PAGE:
This video from India says about itself:
Hindu Rastra (or Rashtra) is the idea of a fanatical tendency of some Hindu religious people that India should become a theocratic ultra-orthodox Hindu state, with inequality for Muslims, Christians, atheists, Jews, liberal and/or lower caste and non-caste Hindus and others.
27 October 2015
“Hindu Rastra is Drawn from the Scholarship of Colonial Historians”
Romila Thapar, at the launch of the two websites of the Indian Writers’ Forum Trust, speaks on the recent attempts at the rewriting of history to suit the purposes of a Hindu India. The proponents of this theory claim that history must not only be rewritten, but corrected – a more dangerous proposition than rewriting.
She does not find the approach – in spite of its absurdity -, the working of some fantasy, but a very systematic approach to suit history for the argument of a Hindu state. Most of these claims are based on the work of colonial scholarship such as the historians James Mill, Max Mueller, and [Theosophist US American] Colonel Olcott.
The irony of the fact remains that those who oppose the secular history as Western must fall back on colonial scholarship of Indian history done by – to borrow the vocabulary of the Hindu Right – Westerners. “It is colonial scholarship which is at the foundation of this new so-called indigenous history”, says Thapar. She concludes by saying that there may be various versions of history, but pleads for a space where these versions can be debated and discussed in public or in institutions. What must be opposed is the reduction of all knowledge to a single narrative and the grounding of that knowledge on a single ideology.
Today, Dutch Internet site De Correspondent publishes an article by correspondent Peter Speetjens in India. He interviewed Ms Romila Thapar.
Translation of some of it:
Meanwhile in India: A Muslim who eats a cow can get up to five years in prison
There is a cultural revolution going on in India. Minorities are converted, books banned, intellectuals gagged.
Some people even advocate to have a statue for Nathuram Godse, the man who on January 30, 1948 shot dead Mahatma Gandhi. Godse: the staunch Hindu nationalist who took up arms. Gandhi, the father of secular India, with a firm belief in nonviolence.
Romila Thapar, now professor emeritus, was at the time of the murder a 16-year-old schoolgirl in Godse’s hometown Pune.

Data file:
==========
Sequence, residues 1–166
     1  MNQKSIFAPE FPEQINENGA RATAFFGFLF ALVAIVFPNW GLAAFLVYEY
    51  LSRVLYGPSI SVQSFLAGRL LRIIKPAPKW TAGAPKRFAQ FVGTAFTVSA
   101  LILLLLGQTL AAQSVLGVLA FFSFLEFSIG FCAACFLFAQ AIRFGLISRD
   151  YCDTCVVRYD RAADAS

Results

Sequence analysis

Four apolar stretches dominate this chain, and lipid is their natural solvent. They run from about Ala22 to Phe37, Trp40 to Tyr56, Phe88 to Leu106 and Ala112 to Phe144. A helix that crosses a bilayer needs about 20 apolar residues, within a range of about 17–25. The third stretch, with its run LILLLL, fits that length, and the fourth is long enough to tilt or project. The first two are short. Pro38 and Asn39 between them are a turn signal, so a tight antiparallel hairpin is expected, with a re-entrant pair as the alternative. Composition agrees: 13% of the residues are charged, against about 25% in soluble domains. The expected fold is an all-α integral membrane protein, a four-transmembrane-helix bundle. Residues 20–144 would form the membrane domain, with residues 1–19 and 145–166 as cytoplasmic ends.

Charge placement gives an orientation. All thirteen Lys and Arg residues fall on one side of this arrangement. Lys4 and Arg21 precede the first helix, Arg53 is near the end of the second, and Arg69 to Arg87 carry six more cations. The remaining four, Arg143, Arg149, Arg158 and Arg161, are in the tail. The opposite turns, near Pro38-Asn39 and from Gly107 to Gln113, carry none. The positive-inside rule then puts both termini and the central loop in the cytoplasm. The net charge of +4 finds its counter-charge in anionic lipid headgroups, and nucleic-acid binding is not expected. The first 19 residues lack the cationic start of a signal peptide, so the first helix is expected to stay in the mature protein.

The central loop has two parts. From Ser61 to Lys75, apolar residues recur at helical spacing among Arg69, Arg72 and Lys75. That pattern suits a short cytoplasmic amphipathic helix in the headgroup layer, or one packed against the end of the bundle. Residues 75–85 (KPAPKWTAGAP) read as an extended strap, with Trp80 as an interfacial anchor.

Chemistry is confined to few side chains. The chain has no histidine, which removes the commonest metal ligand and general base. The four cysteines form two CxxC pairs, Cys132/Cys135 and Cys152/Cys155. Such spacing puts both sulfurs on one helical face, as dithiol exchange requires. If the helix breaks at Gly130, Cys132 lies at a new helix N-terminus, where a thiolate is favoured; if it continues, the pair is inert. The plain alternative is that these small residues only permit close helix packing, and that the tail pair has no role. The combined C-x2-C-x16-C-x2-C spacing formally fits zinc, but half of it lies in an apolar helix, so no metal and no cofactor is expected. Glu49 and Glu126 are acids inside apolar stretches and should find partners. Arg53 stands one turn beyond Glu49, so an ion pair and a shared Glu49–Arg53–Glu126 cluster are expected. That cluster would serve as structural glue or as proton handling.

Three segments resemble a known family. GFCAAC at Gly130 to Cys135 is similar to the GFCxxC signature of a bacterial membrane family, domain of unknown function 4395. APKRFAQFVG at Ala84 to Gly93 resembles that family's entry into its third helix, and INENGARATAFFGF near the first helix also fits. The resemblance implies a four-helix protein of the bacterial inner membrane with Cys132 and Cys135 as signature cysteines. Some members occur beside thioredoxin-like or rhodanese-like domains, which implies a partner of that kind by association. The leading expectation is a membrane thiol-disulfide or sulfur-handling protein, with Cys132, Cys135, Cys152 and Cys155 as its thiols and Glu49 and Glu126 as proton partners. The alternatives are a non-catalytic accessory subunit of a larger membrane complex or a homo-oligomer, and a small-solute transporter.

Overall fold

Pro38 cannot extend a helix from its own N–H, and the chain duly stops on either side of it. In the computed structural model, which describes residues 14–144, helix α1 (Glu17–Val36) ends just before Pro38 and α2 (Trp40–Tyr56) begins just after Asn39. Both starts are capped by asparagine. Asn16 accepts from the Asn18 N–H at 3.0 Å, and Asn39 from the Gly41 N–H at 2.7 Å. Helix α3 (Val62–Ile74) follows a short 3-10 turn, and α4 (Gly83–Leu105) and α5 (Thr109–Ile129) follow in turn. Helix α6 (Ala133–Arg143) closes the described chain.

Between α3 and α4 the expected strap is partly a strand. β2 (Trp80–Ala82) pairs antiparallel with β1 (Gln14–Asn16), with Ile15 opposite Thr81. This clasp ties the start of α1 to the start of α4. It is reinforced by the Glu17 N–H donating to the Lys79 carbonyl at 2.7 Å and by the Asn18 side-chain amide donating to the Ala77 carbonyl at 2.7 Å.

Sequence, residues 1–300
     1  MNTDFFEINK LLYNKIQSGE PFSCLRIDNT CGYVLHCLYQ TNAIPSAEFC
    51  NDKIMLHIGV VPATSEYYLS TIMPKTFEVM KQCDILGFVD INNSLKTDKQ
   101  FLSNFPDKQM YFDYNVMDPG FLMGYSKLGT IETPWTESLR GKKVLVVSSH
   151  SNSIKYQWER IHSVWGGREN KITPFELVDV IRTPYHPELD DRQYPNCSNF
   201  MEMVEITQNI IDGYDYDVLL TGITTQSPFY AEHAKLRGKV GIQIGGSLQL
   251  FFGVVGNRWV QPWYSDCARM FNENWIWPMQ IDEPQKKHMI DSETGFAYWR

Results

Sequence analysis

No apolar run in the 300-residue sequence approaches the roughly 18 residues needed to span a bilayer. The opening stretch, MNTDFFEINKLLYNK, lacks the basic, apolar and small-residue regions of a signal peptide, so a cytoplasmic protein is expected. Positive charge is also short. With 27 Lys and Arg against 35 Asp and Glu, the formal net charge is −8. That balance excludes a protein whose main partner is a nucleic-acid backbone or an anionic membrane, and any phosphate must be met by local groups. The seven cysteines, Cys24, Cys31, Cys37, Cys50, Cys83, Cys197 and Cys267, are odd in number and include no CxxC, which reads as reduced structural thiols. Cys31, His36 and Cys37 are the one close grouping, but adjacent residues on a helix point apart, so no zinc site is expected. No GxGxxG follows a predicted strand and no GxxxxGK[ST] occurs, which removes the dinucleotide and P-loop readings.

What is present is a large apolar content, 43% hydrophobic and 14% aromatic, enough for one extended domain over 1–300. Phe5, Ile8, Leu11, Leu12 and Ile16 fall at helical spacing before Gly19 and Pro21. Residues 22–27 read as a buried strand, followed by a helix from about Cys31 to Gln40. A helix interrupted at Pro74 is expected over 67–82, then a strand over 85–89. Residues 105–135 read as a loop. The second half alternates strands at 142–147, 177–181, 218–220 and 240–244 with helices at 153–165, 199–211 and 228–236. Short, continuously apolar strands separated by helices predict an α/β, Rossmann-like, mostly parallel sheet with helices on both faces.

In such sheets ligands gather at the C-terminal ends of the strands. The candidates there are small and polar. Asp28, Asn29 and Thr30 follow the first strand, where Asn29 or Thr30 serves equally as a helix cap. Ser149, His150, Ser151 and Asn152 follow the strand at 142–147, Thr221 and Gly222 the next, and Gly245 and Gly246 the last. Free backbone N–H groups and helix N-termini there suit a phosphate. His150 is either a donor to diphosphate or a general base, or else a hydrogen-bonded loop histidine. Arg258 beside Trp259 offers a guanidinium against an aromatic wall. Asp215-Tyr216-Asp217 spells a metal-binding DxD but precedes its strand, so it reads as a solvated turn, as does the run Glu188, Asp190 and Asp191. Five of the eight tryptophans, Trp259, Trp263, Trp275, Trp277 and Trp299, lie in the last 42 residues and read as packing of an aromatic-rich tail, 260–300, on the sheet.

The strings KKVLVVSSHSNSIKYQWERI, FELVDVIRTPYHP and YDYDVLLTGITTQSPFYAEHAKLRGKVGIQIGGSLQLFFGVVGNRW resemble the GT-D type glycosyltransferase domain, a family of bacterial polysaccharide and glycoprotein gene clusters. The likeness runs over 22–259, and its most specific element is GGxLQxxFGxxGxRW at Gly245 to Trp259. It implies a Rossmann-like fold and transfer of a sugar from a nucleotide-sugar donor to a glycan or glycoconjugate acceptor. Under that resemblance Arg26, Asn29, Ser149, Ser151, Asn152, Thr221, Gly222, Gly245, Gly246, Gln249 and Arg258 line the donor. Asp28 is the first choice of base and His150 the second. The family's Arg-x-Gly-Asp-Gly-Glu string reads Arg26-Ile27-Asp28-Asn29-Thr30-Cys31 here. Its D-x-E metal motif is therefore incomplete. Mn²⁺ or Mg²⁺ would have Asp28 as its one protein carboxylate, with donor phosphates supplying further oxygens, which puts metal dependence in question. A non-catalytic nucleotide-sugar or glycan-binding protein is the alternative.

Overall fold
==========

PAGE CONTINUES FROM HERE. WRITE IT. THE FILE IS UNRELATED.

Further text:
Although she has been retired for years, she still regularly writes. Last year, for instance, her twentieth and latest book.
The developments in her country cause her great concern.
“Gandhi’s death was like a knockout punch,” says the 83-year-old historian in her apartment in South Delhi, filled with books, art and antiques. “There was, after India’s independence, so much hope in the country. Until that happened … Suddenly we saw the presence of an intense ugliness, of which we never we were previously aware. ”
She talks about the murder as if it occurred yesterday. “We were scared. Suppose that the killer was a Muslim, it would have led to massive retaliation. But even when it became known that the culprit was a Hindu, the situation remained tense. We could not understand. Gandhi was such a great man. Who could do that? And why? How could Gandhi’s death be a solution for anything?”…
Since a year the Hindu Mahasabha organisation is calling for a statue for Godse. The movement even wants to make a film about his life.
“It is a frightening development,” says the elegantly black-clad Thapar. “We are talking about the rehabilitation of a convicted murderer”. …
And it does not stop with a posthumous tribute to an ancient Hindu nationalist hero. Since last May, the political wing of Godse’s movement has an absolute majority in the Indian parliament. …
Last 28 September, a mob of about a hundred Hindus stormed the house of Mohammed Akhlaq in Bisara village, dragged him outside and clubbed him dead, after a local priest had – wrongly – proclaimed through a loudspeaker that the 50-year-old Muslim had supposedly butchered a calf. His son ended up badly injured in hospital.
Prime Minister Modi did not consider it necessary to condemn the act, even though eight of the eleven arrested suspects have links with his Hindu nationalist BJP party.
The cow is sacred to Hindus and in most Indian states there is a slaughter ban. The western state of Maharashtra did not think that went far enough and in March also banned the slaughter of bulls and oxen. For eating ‘bad meat’ there is now a maximum sentence of up to five years in prison. Although not all Hindus are strictly vegetarian, such bans hit especially the 200 million Indian Muslims and Christians.
This 15 October 2015 video from India is called Romila Thapar: In The Wake of the Beef Controversy.
From the (non-theocratic) daily The Hindu:
October 10, 2015 05:49 IST
‘BJP, RSS trying to declare India Hindu rashtra’
“The Constitution has taken care that people of all religions live in the country and so the country has not been accorded the status of Hindu rashtra…if BJP and RSS turn it into a Hindu rashtra, I want to tell Dalits and adivasis that their interests will not be safe,” Ms. Mayawati stressed.